If the calculated range is just atrocious compared with the range the vehicle shipped with when new, the current owner might have only fast-charged the vehicle and/or always charged it to 100-percent. This is where you get to negotiate the price. It's also time to figure out the warranty. 

Maybe New Free Battery

If the vehicle's battery is still under warranty and the battery pack is degraded below 70 percent, you might get a new free battery after buying the car. That's a big win for you. But, check the fine print and call the manufacturer to make sure the warranty is transferable. They will likely want the vehicle identification number (VIN) when you call, so be sure to grab that from either the door jamb or the corner of the driver's side window. 

Two 2017 Chevy Bolts parked in front of a house.

General Motors

Realize that if you can get a new battery for a car you just bought, get ready to wait for it while it's being serviced. Hit up the service center and ask them how long it typically takes and throw a few more days on top of that.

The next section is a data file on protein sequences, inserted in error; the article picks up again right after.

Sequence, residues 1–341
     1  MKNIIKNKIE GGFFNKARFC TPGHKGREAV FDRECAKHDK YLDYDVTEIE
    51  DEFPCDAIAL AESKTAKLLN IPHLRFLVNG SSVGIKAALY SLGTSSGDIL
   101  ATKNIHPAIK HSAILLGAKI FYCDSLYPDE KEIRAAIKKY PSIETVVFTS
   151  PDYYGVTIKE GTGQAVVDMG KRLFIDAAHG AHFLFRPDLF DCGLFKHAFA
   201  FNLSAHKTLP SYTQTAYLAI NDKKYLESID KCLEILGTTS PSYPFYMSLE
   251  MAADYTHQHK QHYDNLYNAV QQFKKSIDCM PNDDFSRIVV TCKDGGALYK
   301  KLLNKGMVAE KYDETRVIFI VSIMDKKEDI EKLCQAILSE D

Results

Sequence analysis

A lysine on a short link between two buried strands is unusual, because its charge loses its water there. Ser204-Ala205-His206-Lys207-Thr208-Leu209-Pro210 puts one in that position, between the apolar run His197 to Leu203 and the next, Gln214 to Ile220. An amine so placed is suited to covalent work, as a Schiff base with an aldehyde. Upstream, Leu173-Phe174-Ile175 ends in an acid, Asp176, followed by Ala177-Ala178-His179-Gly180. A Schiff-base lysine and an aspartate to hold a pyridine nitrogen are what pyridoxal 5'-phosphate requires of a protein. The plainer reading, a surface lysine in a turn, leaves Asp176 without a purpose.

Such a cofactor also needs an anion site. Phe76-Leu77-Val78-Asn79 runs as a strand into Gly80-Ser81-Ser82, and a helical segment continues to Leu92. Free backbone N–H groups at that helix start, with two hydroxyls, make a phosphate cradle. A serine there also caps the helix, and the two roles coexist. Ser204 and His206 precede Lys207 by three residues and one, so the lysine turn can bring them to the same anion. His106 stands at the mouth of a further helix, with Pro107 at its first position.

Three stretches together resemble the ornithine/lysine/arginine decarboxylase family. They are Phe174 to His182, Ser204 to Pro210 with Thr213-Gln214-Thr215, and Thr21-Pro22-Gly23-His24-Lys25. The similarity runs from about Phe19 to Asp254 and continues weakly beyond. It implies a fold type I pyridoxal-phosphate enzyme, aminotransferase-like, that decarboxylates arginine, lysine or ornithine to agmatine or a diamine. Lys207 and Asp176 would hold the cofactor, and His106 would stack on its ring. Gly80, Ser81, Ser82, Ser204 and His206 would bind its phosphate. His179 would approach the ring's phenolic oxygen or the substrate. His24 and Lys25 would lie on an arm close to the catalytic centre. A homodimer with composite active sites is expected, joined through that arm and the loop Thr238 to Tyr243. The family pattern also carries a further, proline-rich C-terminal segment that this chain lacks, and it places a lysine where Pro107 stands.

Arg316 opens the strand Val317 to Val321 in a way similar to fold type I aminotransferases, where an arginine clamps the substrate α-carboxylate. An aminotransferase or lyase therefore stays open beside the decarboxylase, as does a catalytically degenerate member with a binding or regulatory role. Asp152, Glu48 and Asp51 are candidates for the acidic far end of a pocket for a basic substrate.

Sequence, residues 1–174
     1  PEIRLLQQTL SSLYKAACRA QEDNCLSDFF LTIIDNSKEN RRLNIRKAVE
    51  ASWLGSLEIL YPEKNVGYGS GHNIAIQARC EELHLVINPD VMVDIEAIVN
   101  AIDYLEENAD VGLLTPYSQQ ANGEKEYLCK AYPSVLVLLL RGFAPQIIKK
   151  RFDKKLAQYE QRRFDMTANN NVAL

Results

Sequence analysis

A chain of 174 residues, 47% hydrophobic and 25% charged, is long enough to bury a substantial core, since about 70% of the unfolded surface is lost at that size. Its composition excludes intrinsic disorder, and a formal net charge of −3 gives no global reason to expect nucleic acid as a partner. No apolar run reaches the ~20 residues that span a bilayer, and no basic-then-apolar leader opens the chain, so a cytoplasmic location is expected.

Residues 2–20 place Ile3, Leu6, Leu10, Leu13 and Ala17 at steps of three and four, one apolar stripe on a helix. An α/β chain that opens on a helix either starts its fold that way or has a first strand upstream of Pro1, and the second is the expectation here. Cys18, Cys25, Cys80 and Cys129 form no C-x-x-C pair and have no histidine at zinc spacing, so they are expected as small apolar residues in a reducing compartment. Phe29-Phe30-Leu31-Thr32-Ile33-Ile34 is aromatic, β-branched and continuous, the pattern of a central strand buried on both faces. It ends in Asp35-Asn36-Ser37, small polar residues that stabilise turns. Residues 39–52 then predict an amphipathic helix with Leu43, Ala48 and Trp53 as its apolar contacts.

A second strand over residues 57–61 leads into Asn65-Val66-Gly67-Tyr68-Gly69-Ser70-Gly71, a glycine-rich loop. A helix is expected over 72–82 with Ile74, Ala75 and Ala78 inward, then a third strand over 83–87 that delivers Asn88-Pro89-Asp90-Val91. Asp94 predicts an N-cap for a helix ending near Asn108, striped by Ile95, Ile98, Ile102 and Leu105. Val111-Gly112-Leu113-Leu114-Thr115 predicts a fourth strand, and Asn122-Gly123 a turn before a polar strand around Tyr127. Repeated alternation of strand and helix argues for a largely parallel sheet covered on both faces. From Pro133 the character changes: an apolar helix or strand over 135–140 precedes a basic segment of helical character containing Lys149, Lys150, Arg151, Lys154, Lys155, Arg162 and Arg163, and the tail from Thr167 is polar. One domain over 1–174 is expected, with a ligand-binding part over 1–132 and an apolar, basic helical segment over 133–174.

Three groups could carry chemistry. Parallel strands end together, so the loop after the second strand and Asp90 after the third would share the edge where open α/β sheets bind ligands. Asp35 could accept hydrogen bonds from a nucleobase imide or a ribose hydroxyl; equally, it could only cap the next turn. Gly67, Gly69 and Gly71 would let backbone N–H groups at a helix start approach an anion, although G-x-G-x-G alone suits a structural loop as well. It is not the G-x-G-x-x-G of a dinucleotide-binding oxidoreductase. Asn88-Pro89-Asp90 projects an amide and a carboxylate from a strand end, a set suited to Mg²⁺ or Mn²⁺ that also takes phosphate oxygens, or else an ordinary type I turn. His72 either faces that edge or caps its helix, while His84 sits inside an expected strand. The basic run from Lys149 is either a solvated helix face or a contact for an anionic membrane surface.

Get the Carfax

We've all seen the commercials with the animated fox. But really, get the Carfax for the vehicle. It'll tell you about any accidents it's been in and other important life moments for the car. 

But don't completely trust the Carfax.

If an accident was never reported, it wouldn't appear on the Carfax. This is where you get to play detective. Fortunately, bad autobody work is easy to find. Make sure you can inspect the vehicle in the daylight or under strong lights. Someone that won't let you look at the vehicle outside of a dark garage is likely hiding something.